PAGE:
The Times of India reported on May 23, 2016 that the 344 sq km Nameri Tiger Reserve (NTR) in Assam’s Sonitpur district has an estimated five to eight tigers, according to the latest assessment of predators and prey status report.
The assessment, carried out between 2012 and 2014, confirmed that NTR, located on the northern banks of Brahmaputra, is a low density tiger reserve with tiger density varying from 1.3 to 1.5 tigers per 100 square km.
National Tiger Conservation Authority (NTCA)’s assistant inspector general of forest, Rajendra G. Garawad, who was the divisional forest officer of western Assam wildlife division during the assessment period, said that the study also threw up for the first time the tiger dispersal between Kaziranga Tiger Reserve (KTR) and NTR.
KTR is located on the southern banks of Brahmaputra. The aerial distance between KTR and NTR is approximately 65 km.
Garawad said that during the assessment it was documented that a male tiger which was captured in camera at KTR in 2011 was also photographed at NTR in 2012-13, confirming that big cats use corridors between the two tiger reserves. This finding also called for management of tiger dispersal corridors and extensive awareness campaigns for local communities.
The assessment report, released on Sunday on the occasion of International Biodiversity Day at Potasali near NTR, revealed a total of 36 species including seven wild cats (tiger, leopard, clouded leopard, jungle cat, golden cat, marbled cat and leopard cat) and five ungulates (sambar, gaur, barking deer, hog deer and wild boar) captured during three years of camera-trap exercise.
The report said the NTR has a leopard population ranging from five to eight individuals with a density of 1.59 to 4.55 leopard per 100 sq km. In case of the elusive clouded leopard, it is estimated that there are four individuals.
“Existing anti-poaching initiatives needs to be further strengthened and consolidated for long term conservation of tiger in this landscape. There is a need for management interventions like creating new anti-poaching camps and patrolling paths in strategic locations, intensifying the existing patrolling regime and restoring degraded habitats,” the report suggested.
Meanwhile Odisha estimates a tiger count of 40 individuals and talks of reintroduction are on the horizon.
A year after National Tiger Conservation Authority (NTCA) downgraded the tiger population, the estimation carried out by Odisha Government on Wednesday put the big cat population in the State at 40, at least 12 more than what the All-India Tiger Estimation 2014 projected. It also hinted at reintroduction of tigers in Satkosia which has been a low-density tiger reserve (TR).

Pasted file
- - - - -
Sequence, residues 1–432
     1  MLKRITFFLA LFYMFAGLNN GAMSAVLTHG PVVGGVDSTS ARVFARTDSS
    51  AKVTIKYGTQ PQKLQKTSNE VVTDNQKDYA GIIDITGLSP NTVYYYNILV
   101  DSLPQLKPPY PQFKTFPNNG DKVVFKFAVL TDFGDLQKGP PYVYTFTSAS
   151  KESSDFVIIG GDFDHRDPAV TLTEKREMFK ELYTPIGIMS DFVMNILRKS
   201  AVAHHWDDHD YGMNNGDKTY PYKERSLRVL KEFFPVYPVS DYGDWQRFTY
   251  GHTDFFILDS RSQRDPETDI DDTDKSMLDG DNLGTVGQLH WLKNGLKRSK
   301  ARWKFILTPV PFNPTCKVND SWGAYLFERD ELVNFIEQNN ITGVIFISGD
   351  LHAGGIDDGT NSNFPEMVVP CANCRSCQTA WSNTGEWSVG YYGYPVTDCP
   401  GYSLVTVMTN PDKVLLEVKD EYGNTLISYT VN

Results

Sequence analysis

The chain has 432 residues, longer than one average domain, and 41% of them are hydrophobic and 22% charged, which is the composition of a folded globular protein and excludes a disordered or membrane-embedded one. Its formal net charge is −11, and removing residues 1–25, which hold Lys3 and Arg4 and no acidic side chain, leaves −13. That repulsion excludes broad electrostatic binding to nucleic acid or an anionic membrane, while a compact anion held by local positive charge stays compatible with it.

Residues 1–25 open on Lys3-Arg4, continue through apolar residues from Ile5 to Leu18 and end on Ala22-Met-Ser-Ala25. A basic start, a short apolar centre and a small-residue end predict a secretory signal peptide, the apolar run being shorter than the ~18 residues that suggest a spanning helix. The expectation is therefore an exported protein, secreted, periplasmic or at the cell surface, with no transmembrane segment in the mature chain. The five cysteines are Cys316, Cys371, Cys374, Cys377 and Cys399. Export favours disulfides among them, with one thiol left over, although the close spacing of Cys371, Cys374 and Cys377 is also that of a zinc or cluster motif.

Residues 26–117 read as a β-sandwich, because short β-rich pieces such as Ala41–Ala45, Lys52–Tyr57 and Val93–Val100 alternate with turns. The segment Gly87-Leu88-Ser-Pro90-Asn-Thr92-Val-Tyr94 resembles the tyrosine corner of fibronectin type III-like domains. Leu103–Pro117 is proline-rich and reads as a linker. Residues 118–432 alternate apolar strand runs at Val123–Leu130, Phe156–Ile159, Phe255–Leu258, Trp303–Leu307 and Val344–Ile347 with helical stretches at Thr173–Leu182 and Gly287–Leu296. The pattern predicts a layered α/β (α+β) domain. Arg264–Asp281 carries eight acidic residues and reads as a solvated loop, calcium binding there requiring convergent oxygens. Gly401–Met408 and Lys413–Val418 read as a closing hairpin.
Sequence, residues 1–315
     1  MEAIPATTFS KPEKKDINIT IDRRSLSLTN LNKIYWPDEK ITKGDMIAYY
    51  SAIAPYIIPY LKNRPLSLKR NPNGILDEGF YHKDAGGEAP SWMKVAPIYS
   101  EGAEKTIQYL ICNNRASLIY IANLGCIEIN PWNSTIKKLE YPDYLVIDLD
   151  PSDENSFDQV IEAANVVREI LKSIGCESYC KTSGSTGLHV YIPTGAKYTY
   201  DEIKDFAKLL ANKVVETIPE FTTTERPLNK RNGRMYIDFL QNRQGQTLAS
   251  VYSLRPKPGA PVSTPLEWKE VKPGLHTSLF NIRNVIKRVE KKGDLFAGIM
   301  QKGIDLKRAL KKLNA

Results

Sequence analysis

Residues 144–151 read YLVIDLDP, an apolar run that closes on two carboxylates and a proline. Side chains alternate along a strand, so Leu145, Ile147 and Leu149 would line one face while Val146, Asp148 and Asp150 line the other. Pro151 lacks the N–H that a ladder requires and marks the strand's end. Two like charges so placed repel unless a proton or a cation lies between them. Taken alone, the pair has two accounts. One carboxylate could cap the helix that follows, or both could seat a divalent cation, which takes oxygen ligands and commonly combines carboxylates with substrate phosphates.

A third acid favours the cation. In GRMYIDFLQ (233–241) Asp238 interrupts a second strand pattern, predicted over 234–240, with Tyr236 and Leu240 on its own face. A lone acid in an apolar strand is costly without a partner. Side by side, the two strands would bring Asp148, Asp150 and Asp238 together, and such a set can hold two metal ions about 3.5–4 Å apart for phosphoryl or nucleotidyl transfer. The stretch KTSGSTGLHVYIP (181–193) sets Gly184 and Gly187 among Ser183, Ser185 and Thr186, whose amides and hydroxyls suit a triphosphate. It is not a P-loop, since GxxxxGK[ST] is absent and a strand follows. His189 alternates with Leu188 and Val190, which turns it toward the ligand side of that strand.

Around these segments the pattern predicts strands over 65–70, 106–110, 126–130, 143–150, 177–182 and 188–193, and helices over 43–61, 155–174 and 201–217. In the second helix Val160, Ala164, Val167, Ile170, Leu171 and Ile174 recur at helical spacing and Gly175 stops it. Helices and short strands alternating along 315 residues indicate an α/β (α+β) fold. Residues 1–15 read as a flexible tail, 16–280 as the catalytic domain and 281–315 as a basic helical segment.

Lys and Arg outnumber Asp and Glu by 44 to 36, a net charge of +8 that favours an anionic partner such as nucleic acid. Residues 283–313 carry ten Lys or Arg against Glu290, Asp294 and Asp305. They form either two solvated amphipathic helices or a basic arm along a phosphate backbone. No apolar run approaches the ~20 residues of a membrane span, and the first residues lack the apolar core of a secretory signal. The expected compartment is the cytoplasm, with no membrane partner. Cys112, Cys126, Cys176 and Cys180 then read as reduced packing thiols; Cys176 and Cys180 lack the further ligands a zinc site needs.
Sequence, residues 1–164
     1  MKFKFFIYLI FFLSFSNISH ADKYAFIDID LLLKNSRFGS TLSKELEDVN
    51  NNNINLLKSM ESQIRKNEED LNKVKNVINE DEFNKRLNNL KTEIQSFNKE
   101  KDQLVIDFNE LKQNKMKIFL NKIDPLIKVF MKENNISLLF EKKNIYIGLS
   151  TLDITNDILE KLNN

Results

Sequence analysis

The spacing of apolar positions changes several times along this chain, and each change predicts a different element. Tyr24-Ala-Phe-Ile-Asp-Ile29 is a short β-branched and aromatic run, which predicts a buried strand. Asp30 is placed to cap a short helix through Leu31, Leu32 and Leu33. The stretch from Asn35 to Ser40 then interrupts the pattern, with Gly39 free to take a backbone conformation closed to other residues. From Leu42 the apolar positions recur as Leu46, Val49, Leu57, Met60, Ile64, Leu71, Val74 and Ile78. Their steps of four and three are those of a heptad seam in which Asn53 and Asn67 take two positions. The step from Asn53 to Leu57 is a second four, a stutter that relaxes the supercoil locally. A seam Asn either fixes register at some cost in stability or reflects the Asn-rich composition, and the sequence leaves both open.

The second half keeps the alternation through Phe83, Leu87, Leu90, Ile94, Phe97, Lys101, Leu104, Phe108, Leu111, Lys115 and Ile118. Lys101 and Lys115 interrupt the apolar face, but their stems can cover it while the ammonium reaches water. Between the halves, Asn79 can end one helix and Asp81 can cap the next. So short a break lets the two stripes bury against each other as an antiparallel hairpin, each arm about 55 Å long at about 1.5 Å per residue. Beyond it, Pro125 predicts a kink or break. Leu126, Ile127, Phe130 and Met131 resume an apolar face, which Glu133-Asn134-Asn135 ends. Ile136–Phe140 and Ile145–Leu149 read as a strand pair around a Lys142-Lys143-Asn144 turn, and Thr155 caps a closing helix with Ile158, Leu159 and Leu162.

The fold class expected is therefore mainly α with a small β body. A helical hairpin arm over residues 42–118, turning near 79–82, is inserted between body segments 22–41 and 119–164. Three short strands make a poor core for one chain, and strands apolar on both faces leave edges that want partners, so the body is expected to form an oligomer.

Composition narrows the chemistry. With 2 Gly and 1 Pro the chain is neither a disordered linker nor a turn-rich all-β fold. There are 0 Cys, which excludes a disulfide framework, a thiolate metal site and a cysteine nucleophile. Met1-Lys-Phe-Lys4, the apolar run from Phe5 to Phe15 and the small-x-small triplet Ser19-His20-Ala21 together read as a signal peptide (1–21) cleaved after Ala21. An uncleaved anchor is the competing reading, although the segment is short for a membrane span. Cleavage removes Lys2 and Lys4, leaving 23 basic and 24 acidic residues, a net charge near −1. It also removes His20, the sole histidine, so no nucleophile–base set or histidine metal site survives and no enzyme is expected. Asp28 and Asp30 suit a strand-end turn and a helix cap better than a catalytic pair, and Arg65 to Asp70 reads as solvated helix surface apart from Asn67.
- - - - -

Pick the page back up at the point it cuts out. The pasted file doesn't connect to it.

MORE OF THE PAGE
The enumeration, carried out during February and April, reveals that Similipal Landscape remains the most populous habitat with 29 tigers. In Similipal core and estimates a total of 26 tigers: 14 females and 9 males. In Karanjia Division, there are three tigers, Secretary to Forest and Environment Department Suresh Chandra Mohapatra told a media conference.
The tiger population estimation was conducted using camera-traps as well as pug impression pads (PIP). The Wildlife Wing used over 20,000 PIPs and installed 448 camera traps out of which 315 were laid in Similipal alone. The exercise was carried out in Similipal TR twice in February and April.
Mohapatra said the Department is trying to relocate human settlements and provide inviolate space to the tigers. “We hope in the next five years, the population would go up significantly, considering tiger status of Satkosia, the Department is seriously contemplating reintroduction which has been successfully attempted in other TRs. We have to work towards such a plan. It might take two to three years,” he said.
Chief Wildlife Warden Sidhanta Das said the Wildlife Wing is in the process of roping in famous tiger expert Dr. Ullas Karanth for imparting scientific enumeration methods to forest officers. “We are preparing long term plans for improvement of tiger habitats and strengthening the prey base,” he added.